Closure Poaching

Monday was a great powder day.  Over a foot of snow fell overnight, and the wind and new snow kept filling in old tracks making the skiing great all day.  It was the kind of day that true powder hounds love–the upper mountain is constantly in jeopardy of going on wind hold, skiers wear neck gaitors to keep the wind driven snow out of their collars, and diehards laugh into their parkas about all their sucker friends stuck in their offices on a mid-week day. 

NWAC rated the avalanche hazard as high yesterday.  During our morning avalanche control, we saw some big results, confirming that rating.  During such a big storm, it was remarkable that we could even keep the upper mountain open.  But for some, I guess that just wasn’t good enough.

Early afternoon, a patroller saw tracks heading towards Niagras, which as with the rest of Northway, was closed yesterday (and by the way will open tomorrow for the first time since we’ve gotten all this snow).  Upon further investigation, the patroller found several poacher tracks and a large, fresh avalanche covering over them.  What, pray tell, were these guys thinking??  First of all, the skiing on Rex and Green Valley was fabulous.  Second of all, there was no need to go into the backcountry.  Third, and most importantly, Northway was closed.  Fourth, of all the areas in Northway, Niagras is one of the most avalanche prone.

Patrollers and avalanche dogs searched the debris for almost two hours.  A dog alerted on two spots that were perhaps the location of two skiers that were caught and dug themselves out before patrollers arrived on scene.  Ski tracks in the area confirmed this hypothesis.  The search continued well after sweep, and put patrollers in jeopardy. 

In preparation for opening Northway tomorrow, patrollers started avalanche control in Northway today.  Several poachers snuck under the rope lines during explosives control.  Needless to say, this is an egregious and inexcusable violation.  I, for one, am quite angry.  What are we going to have to do to get skiers and riders to respect our closures?  Do people think that we want to keep things closed?  We only close terrain when it is necessary.  And closed means closed.  Really closed.  A ropeline is a closure.  A closed disc is a closure.  A closed sign is a closure.  And if you are caught violating a closure, your pass will be taken.  No questions asked.  But perhaps it’s time we upped the ante.  Maybe violators need more of an incentive to stay within the ropelines. 

Perhaps, in this era of fat skis and fatter ski egos, people think they know more than the patrol about avalanche hazard.  Maybe "gold fever" is just rampant in a year when powder days are few and far between.  Either way, do us all a favor and just follow the rules.  There are plenty of true backcountry areas around Crystal, that if you want fresh lines and are willing to earn your turns, you can avoid the crowds and go for it.  But don’t go into closed areas within our boundaries.  It’s just not worth it.  And it really pisses us off.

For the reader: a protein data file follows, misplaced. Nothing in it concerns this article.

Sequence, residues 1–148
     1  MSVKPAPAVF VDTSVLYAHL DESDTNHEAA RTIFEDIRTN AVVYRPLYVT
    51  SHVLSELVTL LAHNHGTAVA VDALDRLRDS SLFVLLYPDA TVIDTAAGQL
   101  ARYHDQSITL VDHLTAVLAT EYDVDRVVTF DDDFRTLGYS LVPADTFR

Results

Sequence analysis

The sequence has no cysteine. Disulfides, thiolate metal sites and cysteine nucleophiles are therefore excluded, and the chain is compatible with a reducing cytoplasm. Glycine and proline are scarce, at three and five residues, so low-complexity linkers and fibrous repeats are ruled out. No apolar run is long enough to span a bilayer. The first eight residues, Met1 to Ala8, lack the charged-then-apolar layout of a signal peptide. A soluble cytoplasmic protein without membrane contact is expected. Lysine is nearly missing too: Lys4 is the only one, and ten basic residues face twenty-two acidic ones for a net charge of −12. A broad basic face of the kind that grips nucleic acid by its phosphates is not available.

4 thoughts on “Closure Poaching

  1. Xtal Skier

    Hey Kim good post.
    I have two ideas for you. First, I would venture that 99% of your poaching issues are in short norths, from Left Angle to Oh Medows. I would suggest re-instating your old policy of opening short norths even if long north is not open. Since the new north chair opened you have to my knowledge no longer done this. Area open == no poachers.
    Secondly, and more controversial, I would suggest re-evaluating your usage of closed signs and ropes. To be clear, I am with you that closed should mean closed. However, I have seen Crystal increasingly use ropes and closed signs either ummm in silly areas or as advisories of areas of thin conditions. By over using the closed sign and ropes you devalue the importance of the closed sign. Let me explain and give some examples. Since the new Northback chair opened Crystal has added a rope line down Left Angle on skiers left. This line has two aspects that make little sense and make skiers question the value/seriousness of the closed sign. First its placed about 50 feet skiers right of a DENSE grove of trees…. leaving a perfect line or two to ski… and secondly it cuts hard right about half way down the slope, evidentally closing the best portion of the slope(this second right bending line has been improved this year i think). What this line does is say to skiers… “I have skied on this run for years… its safe… why is it closed… crystal put up a silly rope line in my way”. I imagine that the rope is to keep us off of Niagras.. FINE… move it left and make it straight. Another example of in my opinion are bad lines and closures are when you close the front side in the early conditions… This year the whole front was closed and it was blower… yes there may be rocks and yes there may be trees… but everybody riding up Rex had an opportunity to survey that and make a decision for them selves. My suggestion to you here is to either use the Yellow Caution signs or come up with a new sign perhaps like The Canyons has that is a Skull and Crossbones that says ‘You May Die’. Again, you get your point across its dangerous… we really discourage you from going here, but your closed signs have not lost their importance in the eyes of your patrons. It honestly feels like crystal has two standards for rope closures… those that are warning that you make bang up your skis and those that are warnings you may get buried. Do not devalue the close sign by overusing it.